The sex of organisms is determined either by genetic factors and/or by environmental factors. Many organisms with genetic sex determination systems have sex determination genes, but these genes differ from species to species . The environmental factors that determine sex include temperature, density, pH and social status . Although initial triggers for sex determination vary, there are some common features in the subsequent sex differentiation process in gonads. One feature is observed in the sexual modes of germ cell proliferation. In most vertebrates, after primordial germ cells (PGCs) reach the gonads, PGCs develop to become gametogenesis-competent germ cells . Whereas the germ cells in females begin to differentiate to undergo oogenesis, the germ cells in males are in a mitotically quiescent state for a while before the initiation of spermatogenesis [4, 5].
The teleost fish, medaka (Oryzias latipes), is one of the organisms in which sex is determined genetically [6, 7]. The sex determination gene on the medaka Y chromosome, DMY/dmrt1bY, is initially expressed in the gonadal somatic cells when the gonads form at stage 33 [4 day-post-fertilization (dpf)] . At this stage, the sexual difference in the number and differentiation of germ cells is not observed. The first appearance of sexual differentiation in the gonad can be recognized by the time of hatching [0 day-post-hatching (dph)]. Germ cells in XX gonads initiate oogenesis to enter meiosis around the time of hatching, or several days after hatching, while proliferation of germ cells and initiation of gametogenesis is suppressed in XY germ cells during the larval stage. Spermatogenesis is initiated approximately one month after hatching .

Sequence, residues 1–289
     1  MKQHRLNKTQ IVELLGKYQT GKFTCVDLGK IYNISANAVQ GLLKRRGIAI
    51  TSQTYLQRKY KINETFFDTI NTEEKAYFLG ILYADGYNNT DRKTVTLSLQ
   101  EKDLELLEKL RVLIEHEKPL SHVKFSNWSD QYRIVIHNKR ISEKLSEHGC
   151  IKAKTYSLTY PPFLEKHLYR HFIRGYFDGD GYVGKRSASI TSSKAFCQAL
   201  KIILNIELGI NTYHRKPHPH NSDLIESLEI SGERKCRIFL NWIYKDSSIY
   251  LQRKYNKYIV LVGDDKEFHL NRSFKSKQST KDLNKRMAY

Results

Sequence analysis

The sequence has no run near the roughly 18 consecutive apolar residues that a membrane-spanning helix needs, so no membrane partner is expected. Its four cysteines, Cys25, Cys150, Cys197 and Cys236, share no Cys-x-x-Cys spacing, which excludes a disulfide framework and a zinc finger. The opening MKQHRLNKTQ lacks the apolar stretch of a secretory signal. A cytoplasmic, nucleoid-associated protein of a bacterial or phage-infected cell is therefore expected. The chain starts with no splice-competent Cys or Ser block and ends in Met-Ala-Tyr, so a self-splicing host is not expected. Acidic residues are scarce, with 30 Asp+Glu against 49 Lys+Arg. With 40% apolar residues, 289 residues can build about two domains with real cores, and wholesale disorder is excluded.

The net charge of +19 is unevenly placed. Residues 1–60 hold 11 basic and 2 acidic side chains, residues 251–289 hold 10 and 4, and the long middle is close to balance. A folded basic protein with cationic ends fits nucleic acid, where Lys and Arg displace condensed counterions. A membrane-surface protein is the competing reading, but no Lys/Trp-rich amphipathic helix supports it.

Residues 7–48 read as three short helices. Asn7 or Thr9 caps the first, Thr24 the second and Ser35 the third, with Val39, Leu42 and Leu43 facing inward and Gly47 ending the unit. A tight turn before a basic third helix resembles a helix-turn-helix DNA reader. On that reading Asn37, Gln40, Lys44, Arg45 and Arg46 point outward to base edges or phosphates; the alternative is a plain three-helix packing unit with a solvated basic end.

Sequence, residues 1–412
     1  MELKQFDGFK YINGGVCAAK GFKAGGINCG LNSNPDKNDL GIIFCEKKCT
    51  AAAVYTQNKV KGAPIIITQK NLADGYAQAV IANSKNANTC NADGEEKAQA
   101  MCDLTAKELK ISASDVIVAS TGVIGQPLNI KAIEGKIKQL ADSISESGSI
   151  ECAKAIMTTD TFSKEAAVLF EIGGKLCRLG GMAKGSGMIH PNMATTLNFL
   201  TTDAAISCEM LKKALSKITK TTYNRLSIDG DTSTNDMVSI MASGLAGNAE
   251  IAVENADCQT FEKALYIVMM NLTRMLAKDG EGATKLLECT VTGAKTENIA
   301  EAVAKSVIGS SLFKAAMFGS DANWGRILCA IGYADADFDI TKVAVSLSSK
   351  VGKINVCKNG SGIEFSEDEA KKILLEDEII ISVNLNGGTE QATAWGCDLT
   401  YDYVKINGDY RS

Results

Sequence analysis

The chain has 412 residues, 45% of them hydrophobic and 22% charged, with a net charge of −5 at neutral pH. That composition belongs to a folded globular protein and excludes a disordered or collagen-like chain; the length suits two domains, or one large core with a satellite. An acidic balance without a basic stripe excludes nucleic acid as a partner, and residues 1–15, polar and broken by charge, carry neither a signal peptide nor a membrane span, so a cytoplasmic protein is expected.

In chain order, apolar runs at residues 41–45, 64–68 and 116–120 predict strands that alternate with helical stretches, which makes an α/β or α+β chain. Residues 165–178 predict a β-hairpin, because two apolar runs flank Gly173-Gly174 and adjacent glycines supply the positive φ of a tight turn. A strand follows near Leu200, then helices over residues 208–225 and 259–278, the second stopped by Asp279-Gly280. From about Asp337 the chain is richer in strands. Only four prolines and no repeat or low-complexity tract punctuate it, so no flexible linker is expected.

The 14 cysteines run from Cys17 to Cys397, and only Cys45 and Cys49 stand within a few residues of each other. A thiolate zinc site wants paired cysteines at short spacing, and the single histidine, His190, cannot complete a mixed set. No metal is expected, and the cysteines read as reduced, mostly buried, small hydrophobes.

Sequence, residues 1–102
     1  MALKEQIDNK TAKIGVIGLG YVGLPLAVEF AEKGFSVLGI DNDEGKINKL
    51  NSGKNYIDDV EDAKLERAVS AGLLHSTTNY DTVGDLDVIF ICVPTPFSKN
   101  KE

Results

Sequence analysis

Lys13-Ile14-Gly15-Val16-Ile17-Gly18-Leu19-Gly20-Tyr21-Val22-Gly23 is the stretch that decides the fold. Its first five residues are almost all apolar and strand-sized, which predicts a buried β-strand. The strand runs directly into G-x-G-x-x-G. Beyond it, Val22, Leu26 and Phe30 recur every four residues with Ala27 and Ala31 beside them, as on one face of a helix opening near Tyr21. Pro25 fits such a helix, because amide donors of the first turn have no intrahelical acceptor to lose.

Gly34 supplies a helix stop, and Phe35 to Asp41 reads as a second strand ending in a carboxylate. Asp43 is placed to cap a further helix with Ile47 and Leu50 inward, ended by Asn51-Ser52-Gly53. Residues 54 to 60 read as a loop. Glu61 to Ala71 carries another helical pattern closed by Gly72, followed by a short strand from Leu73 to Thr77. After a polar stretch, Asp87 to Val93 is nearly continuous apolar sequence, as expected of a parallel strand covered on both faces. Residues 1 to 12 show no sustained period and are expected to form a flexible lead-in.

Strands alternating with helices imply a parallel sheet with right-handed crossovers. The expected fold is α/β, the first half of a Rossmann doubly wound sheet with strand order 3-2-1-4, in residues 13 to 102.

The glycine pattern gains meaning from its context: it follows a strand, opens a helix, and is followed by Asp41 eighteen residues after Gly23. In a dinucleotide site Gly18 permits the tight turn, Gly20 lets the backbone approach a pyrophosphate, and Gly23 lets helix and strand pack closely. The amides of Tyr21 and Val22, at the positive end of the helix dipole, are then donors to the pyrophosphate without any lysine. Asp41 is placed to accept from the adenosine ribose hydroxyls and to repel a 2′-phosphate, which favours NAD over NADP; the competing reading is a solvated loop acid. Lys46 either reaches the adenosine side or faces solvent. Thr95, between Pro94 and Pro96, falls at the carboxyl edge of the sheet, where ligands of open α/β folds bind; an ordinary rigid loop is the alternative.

Previously, we found that the occurrence of more germ cells in female medaka gonads is not just a result of sex differentiation, but is essential for female differentiation of gonads in medaka. When germ cells are ablated in medaka, XX fish show female-to-male sex reversal, while XY fish with overproliferated germ cells, which is usually associated with oogenesis, exhibit male-to-female sex reversal [11–13]. In support of this notion, studies have reported that high temperatures also decrease the number of germ cells, which often accompanies female-to-male sex reversal [14, 15]. Therefore, although the sex of medaka is genetically determined by DMY/dmrt1bY, the germ cells seem to play a critical role in sex determination, especially in the feminization of gonads. This finding implies that, in addition to the most well-known role of germ cells to become gametes, germ cells have a unique and surprising potential to change their surrounding environment. However, the molecular basis of, and the stage of gametogenesis critical for feminization remain unknown.
It has been demonstrated that germ cells in the gonads have to acquire competence for gametogenesis before and/or at the time of entering the gonadal area [3, 16]. In medaka, gametogenesis-competent cells in the gonad can be categorized into two types, type I and type II, which are distinguished by the modes of cell division . Type I cells are characterized by stem-type self-renewal division and are histologically defined as gonocytes in the developing gonads. They are completely enclosed by supporting cells and are present in isolation. Certain populations of type I germ cells commit to gametogenesis and undergo type II division, in which germ cells connected by the intercellular bridge synchronously divide to form a cyst. After undergoing type II division, germ cells enter meiosis and initiate folliculogenesis or spermatogenesis .